Vaccine stockouts around the world: Are essential vaccines always
available when needed?
, Benjamin Schreiber
, Aurelia Gasca
, Laure Dumolard
, Daniela Urfer
, Kamel Senouci
World Health Organization, Expanded Programme on Immunization, Geneva, Switzerland
UNICEF Programme Division, New York, USA
UNICEF Supply Division, Copenhagen, Denmark
Introduction: As countries rise to the challenge of implementing the priorities of this ‘‘Decade of Vaccine”
and their commitments delineated in the Global Vaccine Action Plan (GVAP), many continue to face
important challenges of securing a continuous supply of essential vaccine for their national immuniza-
tion programme. This study provides evidence on the incidence of vaccine stockouts in countries, their
root causes and their potential impact on service delivery.
Methods: Vaccine stockout indicators collected from the WHO-UNICEF Joint Reporting Form (JRF) and
UNICEF’s Vaccine Forecasting Tool were analysed for the years covering the ﬁrst half of the GVAP
(2011 to 2015) and using 2010 as the baseline year. While the JRF collects annual information on national
and subnational stockouts by vaccine, the UNICEF Vaccine Forecasting Tool has the advantage of request-
ing UNICEF procuring countries to report on the reasons underpinning any stockouts.
Results: Every year on average, one in every three WHO Member States experiences at least one stockout
of at least one vaccine for at least one month. The incidence is most pronounced in Sub-Saharan Africa
where 38% of countries in this area of the world report national-level stockouts. The vaccines most
affected are DTP containing vaccines (often combined with HepB and Hib) and BCG. They account for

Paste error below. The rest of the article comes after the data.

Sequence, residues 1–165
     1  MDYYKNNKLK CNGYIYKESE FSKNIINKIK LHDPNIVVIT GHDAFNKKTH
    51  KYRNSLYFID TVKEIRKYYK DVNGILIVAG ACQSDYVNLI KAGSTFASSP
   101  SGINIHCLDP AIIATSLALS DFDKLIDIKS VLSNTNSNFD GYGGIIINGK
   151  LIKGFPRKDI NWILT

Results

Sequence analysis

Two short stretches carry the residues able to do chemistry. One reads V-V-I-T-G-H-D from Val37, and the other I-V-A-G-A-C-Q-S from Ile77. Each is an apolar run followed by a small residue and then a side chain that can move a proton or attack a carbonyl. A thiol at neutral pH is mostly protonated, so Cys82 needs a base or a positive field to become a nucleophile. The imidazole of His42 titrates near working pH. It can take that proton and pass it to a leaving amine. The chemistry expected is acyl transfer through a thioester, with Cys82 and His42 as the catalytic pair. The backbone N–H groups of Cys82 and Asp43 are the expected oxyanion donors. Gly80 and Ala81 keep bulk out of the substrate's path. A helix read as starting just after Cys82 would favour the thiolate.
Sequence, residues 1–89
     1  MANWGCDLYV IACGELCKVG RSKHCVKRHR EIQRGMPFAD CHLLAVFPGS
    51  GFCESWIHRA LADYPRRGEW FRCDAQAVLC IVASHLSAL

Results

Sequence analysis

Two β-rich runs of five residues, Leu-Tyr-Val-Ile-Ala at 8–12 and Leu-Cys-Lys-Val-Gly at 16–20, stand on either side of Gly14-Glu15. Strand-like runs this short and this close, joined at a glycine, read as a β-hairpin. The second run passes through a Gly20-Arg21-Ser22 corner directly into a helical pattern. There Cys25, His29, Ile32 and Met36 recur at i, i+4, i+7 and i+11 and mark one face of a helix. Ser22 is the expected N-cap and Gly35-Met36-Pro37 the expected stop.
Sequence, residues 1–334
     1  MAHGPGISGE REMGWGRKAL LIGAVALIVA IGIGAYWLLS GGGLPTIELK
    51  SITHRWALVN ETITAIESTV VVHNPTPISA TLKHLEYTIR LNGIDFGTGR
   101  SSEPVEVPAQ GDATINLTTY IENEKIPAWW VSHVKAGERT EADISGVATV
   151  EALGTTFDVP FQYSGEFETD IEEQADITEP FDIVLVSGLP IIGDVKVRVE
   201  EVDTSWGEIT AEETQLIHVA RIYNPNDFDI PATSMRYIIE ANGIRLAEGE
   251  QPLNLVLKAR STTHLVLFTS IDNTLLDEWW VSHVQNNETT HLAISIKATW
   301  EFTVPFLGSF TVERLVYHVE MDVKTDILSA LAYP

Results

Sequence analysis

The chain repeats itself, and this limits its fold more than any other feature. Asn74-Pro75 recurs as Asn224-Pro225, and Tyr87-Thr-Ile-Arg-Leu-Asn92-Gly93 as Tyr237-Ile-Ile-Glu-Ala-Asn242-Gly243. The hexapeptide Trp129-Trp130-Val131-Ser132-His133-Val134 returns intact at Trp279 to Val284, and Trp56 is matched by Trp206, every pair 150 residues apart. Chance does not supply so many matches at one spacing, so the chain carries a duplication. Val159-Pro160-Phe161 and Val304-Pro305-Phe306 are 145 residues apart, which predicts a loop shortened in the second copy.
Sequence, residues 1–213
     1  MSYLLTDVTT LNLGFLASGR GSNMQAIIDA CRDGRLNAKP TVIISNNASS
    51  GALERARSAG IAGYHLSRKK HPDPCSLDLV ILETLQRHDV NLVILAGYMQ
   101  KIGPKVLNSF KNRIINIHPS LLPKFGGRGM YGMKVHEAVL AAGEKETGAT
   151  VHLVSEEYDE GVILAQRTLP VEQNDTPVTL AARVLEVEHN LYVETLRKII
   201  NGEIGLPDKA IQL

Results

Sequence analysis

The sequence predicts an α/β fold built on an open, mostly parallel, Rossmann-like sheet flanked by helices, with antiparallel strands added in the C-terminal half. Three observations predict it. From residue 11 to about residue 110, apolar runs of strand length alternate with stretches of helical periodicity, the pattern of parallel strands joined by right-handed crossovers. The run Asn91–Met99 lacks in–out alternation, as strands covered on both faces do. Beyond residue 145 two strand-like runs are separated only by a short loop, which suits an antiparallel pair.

respectively 43% and 31% of stockout events reported. While national level vaccine stockouts occur in
countries of all income groups, middle income countries are the most affected. In 80% of cases, national
level stockouts were due to reasons internal to countries. More speciﬁcally, 39% of stockouts were attri-
butable to government funding delays, 23% were caused by delays in the procurement processes, and
poor forecasting and stock management at country level accounted for an additional 18%. When a
national level stockout of vaccines occurs, there is an 89% chance that a subnational stockout will occur
at district level. More concerning is that if a district level stockout occurs, this will lead to an interruption
of vaccination services in 96% of cases.
Discussion: There continues to be important challenges of ensuring a continuous availability of essential
vaccines. The global community, together with countries, urgently need to design effective interventions
aimed at reducing the frequency and mitigating the impact of stockouts.
Ó2017 Published by Elsevier Ltd. This is an open access article under the CC BY license (http://creative-
One of the cornerstones of an effective national immunization
programme is for its supply chain to ensure a continuous and unin-
terrupted availability of essential vaccines up to the point of vacci-
nation. If vaccine availability is interrupted for any reason, missed
opportunities to vaccinate will occur and populations run the risk